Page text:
Every home run Bryce Harper hits from here on out this season will set a new career-high after he passed his previous best with his 23rd in his 277th plate appearance in the fourth inning on Saturday afternoon, topping his total in 597 PAs in 2012.
Harper's 2 for 3 game against Liriano in Max Scherzer's no-hitter left him 23 for 65 (.354/.500/.662) with eight doubles, four home runs, 18 walks and 13 Ks in 84 PAs against left-handers this season.
He was 2 for 4 overall in the game, leaving him with a .347/.477/.730 line on the year with 14 doubles and the 23 HRs in 279 PAs. His performance in the game, Scherzer told reporters, played a part in inspiring the starter to push himself on his way to the first no-hitter of his career.
Harper injured his left hamstring on Thursday night in the series finale with the Tampa Bay Rays, but returned to the lineup after one day off and provided the margin of victory in the Nationals' 6-0 win over the Pirates.
Scherzer said he was impressed with Harper's competitiveness.
"It just shows you how much of a competitor he is," Scherzer told reporters. "His leg is all bruised up. His hammy is tight and he's out there competing, battling through injuries.
Injuries, obviously, but he's hurt. But he can play through the pain and that just shows you how much of a competitor he is and I respect that a tremendous amount.
"It's hard to go out there and compete like that. I've been out there on the mound, drilled and hit by a ball, and I mean, that stuff hurts. And when I see somebody else going out there and competing like that and obviously hitting a home run, it just motivates you to keep competing as hard as you can, and I think it just kind of keeps going back and forth, the more he does it, the more I want to do it, the more I want to do it, the more he wants to do it... and I feel like the rest of the team picks up on it as well."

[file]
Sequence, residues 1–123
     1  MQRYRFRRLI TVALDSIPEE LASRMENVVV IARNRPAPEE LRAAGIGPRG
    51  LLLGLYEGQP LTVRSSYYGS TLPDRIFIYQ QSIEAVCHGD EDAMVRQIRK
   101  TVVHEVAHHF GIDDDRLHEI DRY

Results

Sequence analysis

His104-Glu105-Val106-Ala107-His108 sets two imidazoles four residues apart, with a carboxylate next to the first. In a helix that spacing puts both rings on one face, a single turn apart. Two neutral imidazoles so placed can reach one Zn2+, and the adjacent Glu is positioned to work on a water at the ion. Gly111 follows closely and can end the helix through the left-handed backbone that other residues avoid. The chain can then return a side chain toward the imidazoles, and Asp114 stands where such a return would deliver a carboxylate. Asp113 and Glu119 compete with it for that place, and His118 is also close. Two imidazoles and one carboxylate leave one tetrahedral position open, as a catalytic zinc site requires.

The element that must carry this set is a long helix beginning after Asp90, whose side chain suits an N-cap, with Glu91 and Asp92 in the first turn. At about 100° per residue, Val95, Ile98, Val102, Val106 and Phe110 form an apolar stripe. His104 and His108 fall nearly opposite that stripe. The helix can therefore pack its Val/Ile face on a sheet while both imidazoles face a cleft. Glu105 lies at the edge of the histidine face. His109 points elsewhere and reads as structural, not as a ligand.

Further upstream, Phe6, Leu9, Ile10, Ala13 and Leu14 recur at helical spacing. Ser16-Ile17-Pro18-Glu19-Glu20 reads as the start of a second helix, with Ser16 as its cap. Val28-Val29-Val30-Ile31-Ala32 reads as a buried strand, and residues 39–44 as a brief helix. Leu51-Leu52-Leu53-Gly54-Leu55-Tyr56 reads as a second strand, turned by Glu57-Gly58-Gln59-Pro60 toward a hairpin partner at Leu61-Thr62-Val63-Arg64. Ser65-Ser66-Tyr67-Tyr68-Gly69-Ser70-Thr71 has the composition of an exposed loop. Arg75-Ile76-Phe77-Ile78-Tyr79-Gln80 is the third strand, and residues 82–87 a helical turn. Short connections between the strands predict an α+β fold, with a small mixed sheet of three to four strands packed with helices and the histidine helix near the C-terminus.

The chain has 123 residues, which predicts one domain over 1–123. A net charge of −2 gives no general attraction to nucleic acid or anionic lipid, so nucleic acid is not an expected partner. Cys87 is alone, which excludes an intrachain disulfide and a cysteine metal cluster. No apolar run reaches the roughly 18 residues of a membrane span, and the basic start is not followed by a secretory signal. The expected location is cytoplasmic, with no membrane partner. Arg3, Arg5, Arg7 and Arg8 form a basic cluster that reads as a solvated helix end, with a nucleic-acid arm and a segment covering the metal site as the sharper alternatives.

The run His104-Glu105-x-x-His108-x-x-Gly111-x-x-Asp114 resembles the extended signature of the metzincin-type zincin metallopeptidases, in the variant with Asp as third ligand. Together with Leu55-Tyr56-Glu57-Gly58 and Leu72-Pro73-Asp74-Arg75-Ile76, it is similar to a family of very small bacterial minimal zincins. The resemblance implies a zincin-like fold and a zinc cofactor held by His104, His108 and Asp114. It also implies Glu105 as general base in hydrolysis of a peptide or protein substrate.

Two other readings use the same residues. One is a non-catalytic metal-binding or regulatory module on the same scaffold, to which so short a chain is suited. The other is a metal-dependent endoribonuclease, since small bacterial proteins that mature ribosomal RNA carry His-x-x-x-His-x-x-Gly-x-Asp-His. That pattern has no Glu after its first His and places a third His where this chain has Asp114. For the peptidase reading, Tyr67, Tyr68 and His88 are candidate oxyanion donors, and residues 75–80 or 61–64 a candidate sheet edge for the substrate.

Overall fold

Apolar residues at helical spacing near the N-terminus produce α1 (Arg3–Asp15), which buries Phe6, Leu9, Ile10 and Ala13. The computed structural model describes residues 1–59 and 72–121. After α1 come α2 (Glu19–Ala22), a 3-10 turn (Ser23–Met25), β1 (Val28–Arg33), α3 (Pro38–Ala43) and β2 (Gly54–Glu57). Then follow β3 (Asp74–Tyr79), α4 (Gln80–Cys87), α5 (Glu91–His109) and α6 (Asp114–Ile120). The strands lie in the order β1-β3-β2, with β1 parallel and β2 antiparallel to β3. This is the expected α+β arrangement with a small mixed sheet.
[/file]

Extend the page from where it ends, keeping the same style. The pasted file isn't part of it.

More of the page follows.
Nats' skipper Matt Williams said Harper came through his return to the lineup with no issues, though they all kept a close eye on the 22-year-old, 2010 no.1 overall pick throughout his pregame workout routine to be sure there were no signs that the hamstring remained an issue.
"He ran, he did all of his agility work. He hit, no issues," Williams said, "and so we trust our guys when they tell us that they're okay to go, then they're okay to go. No problem."
Harper was back in the lineup today as well, and the first time up he took Pirates' right-hander Charlie Morton deep to right for a two-run blast that landed in the second deck in right field, below where Jackie Robinson's retired no.42 hangs on the facade of the upper deck.
Harper's 24th was just the second Morton had surrendered in 33 ⅔ IP to that point, though he gave up another eight batters later as the Nationals knocked him out with a nine-run first.
Wiliams was asked about the toughness the fourth-year major leaguer showed in going out for the last two games and homering in each in spite of being banged up.
"He wants to be out there," Williams said. "He's had his fair share and probably more than his fair share of injuries over the last few years. Freaky stuff. So it's nice that he is able to maintain that health for the most part and be out there every day. It just shows you what he can do."
Harper talked to reporters about the home run being especially important since it started the scoring and came with his father in attendance on Father's Day.
"It was awesome," he said. "Being able to do that first at bat and him being able to come out and enjoy that, so very cool moment, very big opportunity right there to get us on the board and very happy we got that 'W' and got that sweep."
The Pirates entered the three-game set in the nation's capital winners of eight straight, but dropped all three to the Nationals, who reclaimed first place in the NL East in the process.
Harper ended the game 1 for 4 with a run scored and a .345/.473/.735 line on the year, good for 3rd in AVG in the NL, 2nd in OBP, 1st in SLG, 1st in OPS (1.208), 2nd in HRs, 2nd in walks (with 54) and 1st in runs scored.
If you don't like Bryce Harper, and appreciate what he's doing on the field, that's your problem.